Texas is getting tougher on youthful smoking thanks to a recently passed and implemented increase in the legal smoking age from 18 to 21.
While it is a positive way to prevent younger people from adopting the smoking habit, criminal defense lawyers are finding many arguments suggesting that the new law is not easily enforceable.
Even though the change was developed to reduce access to cigarettes to at least 21 year of age, lawyers, legislators, and many others question whether the fines and other penalties will actually thwart the sale of cigarettes to those under 21.
New Legislature on Underage Smoking in Texas
In April of 2019, Texas lawmakers passed SB 21, an Act that raised the legal age limit for buying and using cigarettes including e-cigarettes to 21 years of age.
Retailers selling tobacco or e-cigarettes to anyone under the age of 21 can face fines of $1,000 per incident and the possibility of having their permits allowing tobacco sales suspended or revoked according to defense lawyers, while minors caught smoking can be fined $100.
Can Smoking Laws Be Enforced?
While this may seem a positive step toward eradicating youth under the age of 21 from smoking, many including criminal defense lawyers suggest it’s not enforceable as the law prior to this change was already difficult to enforce.
Criticism of the rule change comes not against the change itself but against what many feel is an unrealistic reliance on inspections as enforcement to curb tobacco sales to minors based on the fact that of the 30,000+ tobacco retailers in Texas, fewer than half are being inspected for compliance.
Lack of Resources Cited As the Main Problem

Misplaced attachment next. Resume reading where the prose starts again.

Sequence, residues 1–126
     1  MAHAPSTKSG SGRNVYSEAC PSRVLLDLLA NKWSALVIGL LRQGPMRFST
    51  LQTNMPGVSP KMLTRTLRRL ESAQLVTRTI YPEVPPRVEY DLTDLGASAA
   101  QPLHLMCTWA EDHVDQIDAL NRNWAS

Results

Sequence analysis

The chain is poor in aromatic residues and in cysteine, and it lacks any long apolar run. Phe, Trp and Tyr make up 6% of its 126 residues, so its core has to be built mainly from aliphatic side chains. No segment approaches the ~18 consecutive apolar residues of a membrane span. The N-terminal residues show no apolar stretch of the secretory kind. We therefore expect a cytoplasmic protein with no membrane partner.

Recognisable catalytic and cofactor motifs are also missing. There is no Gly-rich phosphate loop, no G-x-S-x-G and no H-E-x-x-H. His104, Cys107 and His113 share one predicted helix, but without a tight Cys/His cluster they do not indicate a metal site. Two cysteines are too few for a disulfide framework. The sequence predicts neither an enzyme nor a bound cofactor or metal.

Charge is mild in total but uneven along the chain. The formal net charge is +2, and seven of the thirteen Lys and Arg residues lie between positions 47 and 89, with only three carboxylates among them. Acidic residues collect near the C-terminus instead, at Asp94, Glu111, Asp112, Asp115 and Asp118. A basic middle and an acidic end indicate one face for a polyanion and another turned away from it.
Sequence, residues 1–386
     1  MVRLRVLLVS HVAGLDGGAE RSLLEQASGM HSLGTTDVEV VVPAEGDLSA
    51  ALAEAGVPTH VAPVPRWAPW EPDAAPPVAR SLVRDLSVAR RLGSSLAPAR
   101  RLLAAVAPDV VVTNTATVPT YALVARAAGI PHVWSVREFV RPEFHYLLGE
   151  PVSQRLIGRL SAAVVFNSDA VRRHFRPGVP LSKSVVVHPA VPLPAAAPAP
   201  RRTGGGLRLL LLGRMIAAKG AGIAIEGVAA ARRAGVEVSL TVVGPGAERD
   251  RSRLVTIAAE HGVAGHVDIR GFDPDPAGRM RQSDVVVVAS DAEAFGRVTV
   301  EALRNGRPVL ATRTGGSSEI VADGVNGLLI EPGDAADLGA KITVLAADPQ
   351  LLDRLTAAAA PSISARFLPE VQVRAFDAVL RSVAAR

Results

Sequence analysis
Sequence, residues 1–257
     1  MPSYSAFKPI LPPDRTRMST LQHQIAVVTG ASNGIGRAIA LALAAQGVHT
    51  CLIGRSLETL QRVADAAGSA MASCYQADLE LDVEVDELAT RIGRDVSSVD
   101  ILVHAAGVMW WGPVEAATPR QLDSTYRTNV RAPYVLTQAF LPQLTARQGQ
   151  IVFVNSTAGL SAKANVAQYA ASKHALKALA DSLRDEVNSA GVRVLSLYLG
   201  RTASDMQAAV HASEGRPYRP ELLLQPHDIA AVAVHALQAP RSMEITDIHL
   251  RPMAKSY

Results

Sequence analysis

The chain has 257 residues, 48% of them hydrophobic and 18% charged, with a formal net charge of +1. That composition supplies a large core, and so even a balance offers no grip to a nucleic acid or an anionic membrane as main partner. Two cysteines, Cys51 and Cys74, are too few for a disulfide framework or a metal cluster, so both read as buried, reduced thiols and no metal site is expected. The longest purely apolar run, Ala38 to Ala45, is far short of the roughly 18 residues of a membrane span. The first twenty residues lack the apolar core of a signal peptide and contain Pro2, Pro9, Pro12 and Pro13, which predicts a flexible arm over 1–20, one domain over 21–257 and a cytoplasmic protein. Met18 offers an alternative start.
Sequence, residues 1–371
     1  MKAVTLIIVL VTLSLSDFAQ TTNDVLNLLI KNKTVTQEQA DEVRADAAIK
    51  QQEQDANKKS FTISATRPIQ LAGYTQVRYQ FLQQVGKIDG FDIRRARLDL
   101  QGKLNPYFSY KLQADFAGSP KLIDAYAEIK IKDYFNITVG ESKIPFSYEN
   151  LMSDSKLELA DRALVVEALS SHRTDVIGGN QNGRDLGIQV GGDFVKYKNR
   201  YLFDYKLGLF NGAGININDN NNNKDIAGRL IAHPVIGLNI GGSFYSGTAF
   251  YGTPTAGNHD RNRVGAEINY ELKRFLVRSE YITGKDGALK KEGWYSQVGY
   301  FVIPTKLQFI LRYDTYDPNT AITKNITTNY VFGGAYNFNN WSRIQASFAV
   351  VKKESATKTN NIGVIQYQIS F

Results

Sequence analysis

The youth smoking argument goes on to say that while lawmakers fought to raise the legal smoking age to 21, the state cut in half its tobacco public prevention awareness funding on the dangers of youth smoking, which included print, TV ads, radio ads, social media, and other methods.
Police grants provided by the Department of Health were also discontinued at the same time.
These restrictions in funding were based on the opinion that enforcement through inspections will be enough to prevent youthful smoking and that a public awareness campaign was ineffective.
Those opposed to this action including criminal defense attorneys point out that inspections haven’t prevented youth from smoking in the past, mainly due to the lack of inspections actually taking place.
In direct contrast, it was also suggested that the public awareness campaign was the prevention tactic that has actually done the most to prevent youth smoking as it served as a constant reminder to retailers that they could have a surprise inspection at any time.
New Tobacco Law A Positive Step Only If Enforced
In summary, though some Texas legislators fought to have the legal smoking age raised to 21 years, there is much opposition from others as to whether this change will actually do anything.
The main argument claims that reliance on inspections for enforcement was not enough in the past and will still not be enough.
Legislators also do not meet eye-to-eye on the validity of cutting the state tobacco prevention budget and other enforcement funding with two completely opposing opinions on the effectiveness of such campaigns.
Experienced criminal defense attorneys point out that without proper enforcement and awareness, will raising the legal age to smoke actually succeed? Only time will tell!
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